Thursday, June 26, 2014

Gay Propaganda? Horror Classic 'Bride of Frankenstein'

by Eric Brothers (C) 2014
Ernest Thesiger (Dr. Pretorius): “one of the most outrageous queens of 30s movie queendom.”

Bride of Frankenstein is indeed a horror film, but did director James Whale, writes Gary Morris in his essay, "Sexual Subversion: The Bride of Frankenstein," discover “a strategy for creating a commercially viable product that would also—in subtext—subvert existing mores”?  It could be argued—quite strongly—that this film "full of fantasy and monster-outsiders" from 1935 was "the perfect medium for indulging the most radical aspects of a gay sensibility.”

James Whale (with cigar) directing Karloff on set of "Bride."
The reviewer of the film in Time magazine seems to have gotten the message back then. Published on April 29, 1935, he writes, “Director James Whale [has] given it the macabre intensity proper to all good horror pieces, but [has] substituted a queer kind of mechanistic pathos for the sheer evil that was [the] Frankenstein [monster].”

Elsa Lanchester is "mannish" while Shelly and Byron “look, talk, and act with an outlandish, caricatured femininity…”

1935 review says Elsa Lanchester is "mannish in dress"

The review, for some reason, discusses actor Charles Laughton (who was not in the film), the husband of actress Elsa Lanchester, who does appear in the film, as well as Miss Lanchester herself, “Although he [Laughton] is known for his plump effeminacy, she [Lanchester] is mannish in dress.” Why in the world would that be written in a film review of 1935?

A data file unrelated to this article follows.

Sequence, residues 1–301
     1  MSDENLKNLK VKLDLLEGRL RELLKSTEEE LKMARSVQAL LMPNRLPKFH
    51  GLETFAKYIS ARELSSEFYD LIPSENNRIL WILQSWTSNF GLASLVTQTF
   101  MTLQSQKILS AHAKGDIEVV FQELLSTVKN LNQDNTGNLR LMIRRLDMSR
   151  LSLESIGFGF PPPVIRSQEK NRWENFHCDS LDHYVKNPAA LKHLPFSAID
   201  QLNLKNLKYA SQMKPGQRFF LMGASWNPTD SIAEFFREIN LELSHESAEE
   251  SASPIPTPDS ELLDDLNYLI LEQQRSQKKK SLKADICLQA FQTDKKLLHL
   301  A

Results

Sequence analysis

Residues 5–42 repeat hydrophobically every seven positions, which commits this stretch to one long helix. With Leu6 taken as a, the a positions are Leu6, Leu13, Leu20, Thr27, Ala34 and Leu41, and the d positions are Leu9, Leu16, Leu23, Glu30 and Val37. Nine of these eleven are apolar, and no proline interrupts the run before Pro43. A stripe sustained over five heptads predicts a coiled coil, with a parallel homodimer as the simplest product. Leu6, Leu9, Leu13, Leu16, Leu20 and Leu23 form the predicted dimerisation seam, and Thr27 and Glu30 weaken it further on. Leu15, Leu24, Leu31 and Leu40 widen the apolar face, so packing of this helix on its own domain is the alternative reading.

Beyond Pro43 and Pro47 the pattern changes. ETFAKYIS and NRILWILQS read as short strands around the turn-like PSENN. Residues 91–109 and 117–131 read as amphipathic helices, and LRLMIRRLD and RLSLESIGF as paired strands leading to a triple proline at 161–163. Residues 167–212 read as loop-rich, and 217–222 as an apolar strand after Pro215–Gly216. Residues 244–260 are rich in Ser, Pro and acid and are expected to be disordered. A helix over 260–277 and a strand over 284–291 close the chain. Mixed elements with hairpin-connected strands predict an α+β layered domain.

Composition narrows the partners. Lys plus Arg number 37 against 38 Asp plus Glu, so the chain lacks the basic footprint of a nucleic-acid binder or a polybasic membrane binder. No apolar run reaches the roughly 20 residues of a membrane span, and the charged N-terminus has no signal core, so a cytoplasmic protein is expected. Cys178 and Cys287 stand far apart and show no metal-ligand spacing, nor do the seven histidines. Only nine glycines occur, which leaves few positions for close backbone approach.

Ernest Thesiger in full drag in the 1920s or 1930s.

Ernest Thesiger: "fruity" and "perverse"

Director Whale was gay and made no effort to hide that fact. Morris points out that major characters are played by gay or bi-sexual men, including Ernest Thesiger (Dr. Pretorius), who Morris writes was, “one of the most outrageous queens of 30s movie queendom.” Brunas, Brunas and Weaver write that Thesiger’s performance is “fruity” and “pompous and slyly perverse.” Known to be a “skilled” female impersonator, the actor once asked playwright W. Somerset Maugham why he never wrote any parts for him. Maugham claimed that he did, and quipped, “but Gladys Cooper always plays them.”

Percy Shelly and Lord Byron have "outlandish, caricatured femininity"

The opening prologue of the film, when author Mary Shelly chats in a “plush” parlor with husband Percy Shelly and friend Lord Byron, writes Morris, which is “allegedly irrelevant to the narrative, actually goes far in establishing Whale’s tone of homosexual revenge...” Both men wear heavy make-up and “look, talk, and act with an outlandish, caricatured femininity…”

Valerie Hobson (Elizabeth) and Colin Clive (Henry Frankenstein) in "The Bride of Frankenstein" (1935).

Henry and Elizabeth have "straight" relationship

The one “straight” relationship in Bride of Frankenstein is that of Henry Frankenstein and his fiancĂ©, Elizabeth. A major conflict of the film is that the experiments leading to the resurrecting of the dead are a threat to the “normal” relationship between them. Elizabeth says to Henry, “The figure of death seems to be reaching for you, as if it would take you away from me.” Morris writes that “death” can be interpreted metaphorically as “a heterosexist vision of homosexuality” that is a “barrenness, the inability--or worse, indifference--to producing children.”